Fort Vancouver is in “Oragun Country!”     

By Barry Murray

Part 1 of 5

The first thing you notice taking a step back into Pacific Northwest history, is the flag waving above the log palisade. It is a British Union Jack, with the initials HBC — which historical wags have suggested really stood for,“Here Before Christ.”

      In a sense, that was almost true. A ruthless monopoly, the Hudson’s Bay Company, a private corporation which controlled more of North America by charter than Great Britain itself. For over 100 years — HBC’s Prince Rupert’s Land— supported England’s claim to the ownership of the “Oragun Country,” a huge block of land that stretched from Mexican California, to Russian Alaska, and west from the Rocky Mountains to the Pacific Ocean, felt their entitlement had more validity than Napoleon selling “ownership” of something he had just acquired from the Spanish. After all, the English felt, they were the ones who introduced civilization as a formal flower garden that replaced a wild camas meadow.

      An American explorer was the first to enter the Oragun River, and named it for his ship, the Columbia. Lewis and Clark followed via an overland route exploring the Louisiana Purchase.

      Then the Astor family of New York established a fur trading post at Astoria, on the south side of the mouth of the “Great River of the West.” During the hostilities of the era a British naval officer, under a threat of bombardment by ship, purchased Fort Astoria. However he made a mistake in firing a symbolic canon shot as the American flag was lowered. The peace treaty that ended the War of 1812 ruled that the renamed Fort George was indeed a private enterprise, but that ownership of the territory taken by conquest —at least to the “civilized” world— reverted to both claims of the the United States and Great Britain.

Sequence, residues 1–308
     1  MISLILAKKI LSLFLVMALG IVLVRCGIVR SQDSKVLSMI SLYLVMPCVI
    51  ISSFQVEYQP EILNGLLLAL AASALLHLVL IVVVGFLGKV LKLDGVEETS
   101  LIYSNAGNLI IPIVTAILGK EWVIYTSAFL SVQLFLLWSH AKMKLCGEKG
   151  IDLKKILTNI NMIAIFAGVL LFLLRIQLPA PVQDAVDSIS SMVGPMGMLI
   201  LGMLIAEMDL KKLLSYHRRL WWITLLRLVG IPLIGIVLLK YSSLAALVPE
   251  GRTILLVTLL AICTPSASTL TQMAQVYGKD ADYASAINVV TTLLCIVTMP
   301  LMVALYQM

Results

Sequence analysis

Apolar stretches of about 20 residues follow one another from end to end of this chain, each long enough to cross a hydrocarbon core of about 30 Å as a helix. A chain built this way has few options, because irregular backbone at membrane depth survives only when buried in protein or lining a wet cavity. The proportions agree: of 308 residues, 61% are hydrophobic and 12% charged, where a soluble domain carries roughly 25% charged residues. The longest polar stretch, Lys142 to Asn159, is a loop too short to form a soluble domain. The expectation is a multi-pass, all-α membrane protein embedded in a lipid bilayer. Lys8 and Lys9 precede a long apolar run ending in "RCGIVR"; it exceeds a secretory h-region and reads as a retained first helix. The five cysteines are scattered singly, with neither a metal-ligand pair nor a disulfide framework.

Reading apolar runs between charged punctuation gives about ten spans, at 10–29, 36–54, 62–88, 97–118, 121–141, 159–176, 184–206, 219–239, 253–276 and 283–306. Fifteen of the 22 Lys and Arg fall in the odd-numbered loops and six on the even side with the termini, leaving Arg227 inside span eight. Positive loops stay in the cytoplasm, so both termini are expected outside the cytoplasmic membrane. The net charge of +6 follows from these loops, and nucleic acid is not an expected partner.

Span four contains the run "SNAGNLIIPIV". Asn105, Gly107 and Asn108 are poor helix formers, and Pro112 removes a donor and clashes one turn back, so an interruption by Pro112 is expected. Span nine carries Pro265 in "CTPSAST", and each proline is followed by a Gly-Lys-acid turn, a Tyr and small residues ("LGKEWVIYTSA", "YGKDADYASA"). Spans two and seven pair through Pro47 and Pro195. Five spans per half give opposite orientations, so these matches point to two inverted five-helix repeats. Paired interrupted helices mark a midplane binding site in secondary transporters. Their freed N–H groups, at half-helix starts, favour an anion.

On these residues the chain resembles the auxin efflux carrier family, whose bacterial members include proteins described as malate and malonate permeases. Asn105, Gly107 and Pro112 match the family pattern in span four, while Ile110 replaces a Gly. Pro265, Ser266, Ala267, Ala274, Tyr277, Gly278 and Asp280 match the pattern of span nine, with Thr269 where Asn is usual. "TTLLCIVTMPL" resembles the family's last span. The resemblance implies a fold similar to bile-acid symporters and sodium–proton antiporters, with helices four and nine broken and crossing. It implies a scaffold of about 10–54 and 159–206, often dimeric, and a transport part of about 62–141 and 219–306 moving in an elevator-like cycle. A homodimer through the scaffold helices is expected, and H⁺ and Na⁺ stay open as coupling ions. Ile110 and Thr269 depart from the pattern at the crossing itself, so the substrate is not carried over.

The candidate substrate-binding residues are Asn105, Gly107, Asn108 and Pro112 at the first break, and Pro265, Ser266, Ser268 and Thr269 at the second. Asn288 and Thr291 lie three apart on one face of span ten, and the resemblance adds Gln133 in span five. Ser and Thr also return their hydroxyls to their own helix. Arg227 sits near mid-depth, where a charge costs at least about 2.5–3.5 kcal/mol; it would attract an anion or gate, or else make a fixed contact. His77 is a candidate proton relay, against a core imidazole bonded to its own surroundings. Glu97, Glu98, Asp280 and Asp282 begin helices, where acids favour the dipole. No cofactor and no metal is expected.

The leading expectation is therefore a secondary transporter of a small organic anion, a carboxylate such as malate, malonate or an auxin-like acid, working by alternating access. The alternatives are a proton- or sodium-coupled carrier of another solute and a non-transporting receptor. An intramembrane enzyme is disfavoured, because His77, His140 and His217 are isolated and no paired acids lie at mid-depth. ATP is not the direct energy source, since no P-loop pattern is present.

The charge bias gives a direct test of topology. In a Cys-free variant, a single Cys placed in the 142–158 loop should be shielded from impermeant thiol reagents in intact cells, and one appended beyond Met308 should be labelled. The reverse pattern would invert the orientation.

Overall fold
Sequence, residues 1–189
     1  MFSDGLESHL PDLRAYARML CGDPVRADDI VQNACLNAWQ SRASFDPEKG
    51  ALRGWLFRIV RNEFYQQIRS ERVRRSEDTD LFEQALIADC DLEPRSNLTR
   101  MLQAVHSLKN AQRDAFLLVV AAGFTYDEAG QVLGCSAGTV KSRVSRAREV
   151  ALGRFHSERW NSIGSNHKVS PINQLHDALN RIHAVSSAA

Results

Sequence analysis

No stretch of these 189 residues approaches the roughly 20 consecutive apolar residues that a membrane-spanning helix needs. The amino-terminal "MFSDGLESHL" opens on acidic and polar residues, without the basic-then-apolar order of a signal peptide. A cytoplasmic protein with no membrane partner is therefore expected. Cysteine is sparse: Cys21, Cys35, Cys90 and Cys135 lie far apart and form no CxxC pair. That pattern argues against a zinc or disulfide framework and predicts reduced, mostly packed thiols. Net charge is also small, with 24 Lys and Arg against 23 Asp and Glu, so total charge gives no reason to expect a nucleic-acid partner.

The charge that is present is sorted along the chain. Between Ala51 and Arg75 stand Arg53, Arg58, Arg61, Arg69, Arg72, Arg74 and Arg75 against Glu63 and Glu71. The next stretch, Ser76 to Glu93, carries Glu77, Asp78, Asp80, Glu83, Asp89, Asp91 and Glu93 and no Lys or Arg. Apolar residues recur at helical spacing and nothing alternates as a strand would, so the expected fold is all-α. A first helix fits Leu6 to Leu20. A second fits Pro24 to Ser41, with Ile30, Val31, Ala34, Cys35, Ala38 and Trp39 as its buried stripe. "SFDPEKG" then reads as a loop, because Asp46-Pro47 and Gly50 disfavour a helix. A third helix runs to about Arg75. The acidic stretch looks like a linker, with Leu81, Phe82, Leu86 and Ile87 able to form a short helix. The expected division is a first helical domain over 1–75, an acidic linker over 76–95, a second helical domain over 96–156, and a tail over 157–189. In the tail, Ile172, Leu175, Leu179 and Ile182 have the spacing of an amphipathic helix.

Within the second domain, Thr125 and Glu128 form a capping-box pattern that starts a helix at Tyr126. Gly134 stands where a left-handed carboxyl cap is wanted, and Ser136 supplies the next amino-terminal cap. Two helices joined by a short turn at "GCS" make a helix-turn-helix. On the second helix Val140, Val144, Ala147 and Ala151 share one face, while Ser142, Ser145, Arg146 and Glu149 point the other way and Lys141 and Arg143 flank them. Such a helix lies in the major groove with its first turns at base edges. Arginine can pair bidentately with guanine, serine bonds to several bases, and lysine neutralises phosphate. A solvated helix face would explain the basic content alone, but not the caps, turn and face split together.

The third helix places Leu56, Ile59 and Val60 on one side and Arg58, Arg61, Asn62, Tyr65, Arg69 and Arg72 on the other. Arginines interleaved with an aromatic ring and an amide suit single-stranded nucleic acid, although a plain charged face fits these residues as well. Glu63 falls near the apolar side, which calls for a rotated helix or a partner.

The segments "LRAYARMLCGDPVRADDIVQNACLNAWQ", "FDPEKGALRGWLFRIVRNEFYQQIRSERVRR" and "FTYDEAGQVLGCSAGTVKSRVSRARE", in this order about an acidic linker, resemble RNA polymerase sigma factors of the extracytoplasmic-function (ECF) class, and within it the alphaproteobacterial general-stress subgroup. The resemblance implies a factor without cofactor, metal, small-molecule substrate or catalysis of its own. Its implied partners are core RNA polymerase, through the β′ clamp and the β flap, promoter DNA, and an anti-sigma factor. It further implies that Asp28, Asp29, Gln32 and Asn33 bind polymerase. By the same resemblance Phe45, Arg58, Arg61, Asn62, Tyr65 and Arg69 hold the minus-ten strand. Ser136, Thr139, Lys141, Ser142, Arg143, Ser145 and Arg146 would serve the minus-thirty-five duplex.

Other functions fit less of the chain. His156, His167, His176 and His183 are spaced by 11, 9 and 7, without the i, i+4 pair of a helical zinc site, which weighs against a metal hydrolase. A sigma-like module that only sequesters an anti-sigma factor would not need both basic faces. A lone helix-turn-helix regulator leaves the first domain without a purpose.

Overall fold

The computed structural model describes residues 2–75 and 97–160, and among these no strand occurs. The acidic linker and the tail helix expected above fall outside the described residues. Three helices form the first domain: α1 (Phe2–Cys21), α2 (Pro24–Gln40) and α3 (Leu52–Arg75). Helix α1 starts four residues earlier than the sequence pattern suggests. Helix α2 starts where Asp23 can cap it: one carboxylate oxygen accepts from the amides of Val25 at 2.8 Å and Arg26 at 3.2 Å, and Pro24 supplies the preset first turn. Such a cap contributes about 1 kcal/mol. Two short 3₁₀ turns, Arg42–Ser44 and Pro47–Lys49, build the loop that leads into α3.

In 1825 Dr. John McLoughlin searched the Columbia River by canoe for a commercial site that had geographic consequences. He chose to be at the head of sailing ship navigation —100 miles from the sea— near a major river junction, to establish what was to become the HBC ‘corporate’ headquarters for the Columbia Region. This way, furs from twenty-five posts in the interior could be collected for shipment to England. McLoughlin also had a goal beyond being self-sustaining, of developing in an orderly progression, agricultural endeavors in the fertile Willamette Valley by permitting retired company employees, largely French-Canadians, that had a credit of 50 pounds on the books to establish farms on HBC land grants, countering the threat of American “squatters.”

      How the “Real Vancouver,” on the north shore of the Columbia River in Washington State ended up flying an American flag is an interesting story in governmental mismanagement and corporate infighting, instead of taking care of the business at hand.”

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